This book is about neuronal networks within the brain. With roughly 100 billion nerve cells the human brain contains about 3.2 million kilometers of 'wires' to make a million billion of connections between these nerve cells. Nerve cells exchange electrical and chemical signals through these connections and the dynamical patterns of electrical/chemical signals are the basis of all our thinking, memories, consciousness, and control of our behaviour. How do these networks develop their specific connectivity, what are the patterns of electrical activity that serve such a fundamental role in our cognitive abilities, how can it go wrong in these networks resulting in different types of brain pathologies, such as mental retardation, Alzheimer's disease, epilepsy or schizophrenia? These questions are among the most fundamental ones in neuroscience and are addressed in this volume. The chapters in this book cover both state-of-the-art broad reviews and in-depth studies of topics selected in order to bridge different levels of neurobiological organization, from the molecular, cellular, neural network to the cognitive level.
An excellent example of such a 'red thread' is given by the chapters devoted to the visual system, illustrating the advanced state of understanding of network development, plasticity and functioning of the visual system. Other chapters illustrate how scientific advances are driven by technical developments as shown for multi-electrode recording and life imaging techniques that enable the study of electrical activity simultaneously in many nerve cells.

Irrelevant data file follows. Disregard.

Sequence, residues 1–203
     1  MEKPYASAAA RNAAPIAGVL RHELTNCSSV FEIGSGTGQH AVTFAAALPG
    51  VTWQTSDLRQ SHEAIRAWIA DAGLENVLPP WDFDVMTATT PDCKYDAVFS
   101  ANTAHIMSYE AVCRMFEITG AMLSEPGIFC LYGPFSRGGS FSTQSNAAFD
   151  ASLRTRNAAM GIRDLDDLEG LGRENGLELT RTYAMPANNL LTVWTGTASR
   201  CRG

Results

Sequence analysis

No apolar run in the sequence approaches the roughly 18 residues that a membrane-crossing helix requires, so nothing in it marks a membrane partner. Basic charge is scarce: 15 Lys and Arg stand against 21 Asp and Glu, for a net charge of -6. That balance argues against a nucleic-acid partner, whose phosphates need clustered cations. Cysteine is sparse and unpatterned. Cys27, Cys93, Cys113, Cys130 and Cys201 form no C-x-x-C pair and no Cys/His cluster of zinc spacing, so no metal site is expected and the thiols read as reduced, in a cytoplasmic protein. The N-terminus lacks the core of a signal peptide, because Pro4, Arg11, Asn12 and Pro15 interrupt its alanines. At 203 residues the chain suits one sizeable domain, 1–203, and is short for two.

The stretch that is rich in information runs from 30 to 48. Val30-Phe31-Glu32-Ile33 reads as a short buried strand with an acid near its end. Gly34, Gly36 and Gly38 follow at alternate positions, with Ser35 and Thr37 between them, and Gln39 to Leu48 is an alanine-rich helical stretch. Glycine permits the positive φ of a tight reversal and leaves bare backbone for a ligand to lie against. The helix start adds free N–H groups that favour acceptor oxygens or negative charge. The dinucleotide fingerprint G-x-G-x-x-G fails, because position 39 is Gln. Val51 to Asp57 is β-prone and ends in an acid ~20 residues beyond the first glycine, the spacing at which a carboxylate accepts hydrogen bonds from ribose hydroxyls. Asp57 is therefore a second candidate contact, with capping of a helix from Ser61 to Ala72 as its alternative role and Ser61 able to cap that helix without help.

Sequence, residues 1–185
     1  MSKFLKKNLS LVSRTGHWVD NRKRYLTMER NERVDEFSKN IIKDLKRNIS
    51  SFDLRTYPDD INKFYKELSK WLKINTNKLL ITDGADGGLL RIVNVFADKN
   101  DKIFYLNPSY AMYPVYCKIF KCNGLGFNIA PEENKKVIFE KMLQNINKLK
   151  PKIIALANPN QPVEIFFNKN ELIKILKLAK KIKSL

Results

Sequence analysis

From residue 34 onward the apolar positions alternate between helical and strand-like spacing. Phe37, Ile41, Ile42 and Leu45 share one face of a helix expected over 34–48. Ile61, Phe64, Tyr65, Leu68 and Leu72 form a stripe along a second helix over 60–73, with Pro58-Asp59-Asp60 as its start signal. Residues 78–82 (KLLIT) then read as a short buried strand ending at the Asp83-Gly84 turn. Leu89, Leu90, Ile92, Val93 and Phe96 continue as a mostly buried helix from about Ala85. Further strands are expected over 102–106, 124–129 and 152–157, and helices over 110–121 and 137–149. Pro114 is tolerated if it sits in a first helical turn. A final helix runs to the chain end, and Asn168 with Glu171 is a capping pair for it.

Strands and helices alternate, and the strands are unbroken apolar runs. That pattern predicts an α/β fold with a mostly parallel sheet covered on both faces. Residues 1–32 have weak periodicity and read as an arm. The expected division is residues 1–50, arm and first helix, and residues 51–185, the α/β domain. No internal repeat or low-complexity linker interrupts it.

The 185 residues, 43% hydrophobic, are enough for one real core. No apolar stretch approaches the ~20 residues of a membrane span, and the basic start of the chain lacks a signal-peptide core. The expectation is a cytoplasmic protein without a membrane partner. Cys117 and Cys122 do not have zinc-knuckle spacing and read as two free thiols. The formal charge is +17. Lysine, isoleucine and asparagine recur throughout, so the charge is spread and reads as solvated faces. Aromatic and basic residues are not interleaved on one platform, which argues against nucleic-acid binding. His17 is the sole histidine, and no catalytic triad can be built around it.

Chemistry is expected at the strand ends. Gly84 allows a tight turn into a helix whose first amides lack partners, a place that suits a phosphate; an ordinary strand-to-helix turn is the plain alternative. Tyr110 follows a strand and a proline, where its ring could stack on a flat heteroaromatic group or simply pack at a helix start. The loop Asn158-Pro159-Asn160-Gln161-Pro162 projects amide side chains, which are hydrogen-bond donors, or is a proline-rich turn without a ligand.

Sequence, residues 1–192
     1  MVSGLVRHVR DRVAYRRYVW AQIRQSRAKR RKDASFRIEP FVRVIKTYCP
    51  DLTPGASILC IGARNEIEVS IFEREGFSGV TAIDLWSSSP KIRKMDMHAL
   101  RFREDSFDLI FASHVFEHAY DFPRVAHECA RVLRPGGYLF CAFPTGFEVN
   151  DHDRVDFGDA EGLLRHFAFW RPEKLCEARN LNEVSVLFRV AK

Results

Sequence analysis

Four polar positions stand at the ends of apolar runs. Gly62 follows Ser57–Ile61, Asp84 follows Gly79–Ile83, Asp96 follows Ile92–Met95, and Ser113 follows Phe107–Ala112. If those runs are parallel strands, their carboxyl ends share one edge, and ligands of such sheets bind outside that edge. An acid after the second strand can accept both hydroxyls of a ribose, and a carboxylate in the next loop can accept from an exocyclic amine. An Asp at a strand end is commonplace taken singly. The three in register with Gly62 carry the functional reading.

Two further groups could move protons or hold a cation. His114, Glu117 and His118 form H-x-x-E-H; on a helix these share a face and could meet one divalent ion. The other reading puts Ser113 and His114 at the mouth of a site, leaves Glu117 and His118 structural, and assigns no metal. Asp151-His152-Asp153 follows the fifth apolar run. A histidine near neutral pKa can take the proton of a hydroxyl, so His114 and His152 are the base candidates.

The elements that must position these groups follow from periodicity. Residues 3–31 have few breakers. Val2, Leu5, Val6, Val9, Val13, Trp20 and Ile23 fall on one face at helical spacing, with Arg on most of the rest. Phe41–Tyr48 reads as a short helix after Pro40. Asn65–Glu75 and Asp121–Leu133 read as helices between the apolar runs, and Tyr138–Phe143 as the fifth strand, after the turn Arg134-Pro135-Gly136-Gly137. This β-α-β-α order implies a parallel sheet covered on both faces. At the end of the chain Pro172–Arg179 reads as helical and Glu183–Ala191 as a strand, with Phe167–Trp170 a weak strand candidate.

Buy Development Dynamics and Pathology of Neuronal Networks from Molecules to Functional Circuits book by J.van Pelt from Australia's Online Bookstore, Boomerang Books.
(262mm x 192mm x 22mm)
Elsevier Science Ltd
Publisher: Elsevier Science & Technology
Country of Publication:
Author Biography - J.van Pelt
Arjen van Ooyen, Ph.D. Dr. Arjen van Ooyen is an Associate Professor and the Head of Neuroinformatics Group in the Department of Experimental Neurophysiology at Vrije University, Amsterdam, The Netherlands. He is an Associate Editor of Frontiers in Neuroinformatics and on the Editorial Board of many computational neuroscience-related journals. He has edited two books, published 81 articles, and has an h-index of 21. He is one of the leading researchers in analytical approaches to studying activity-dependent structural brain development and repair.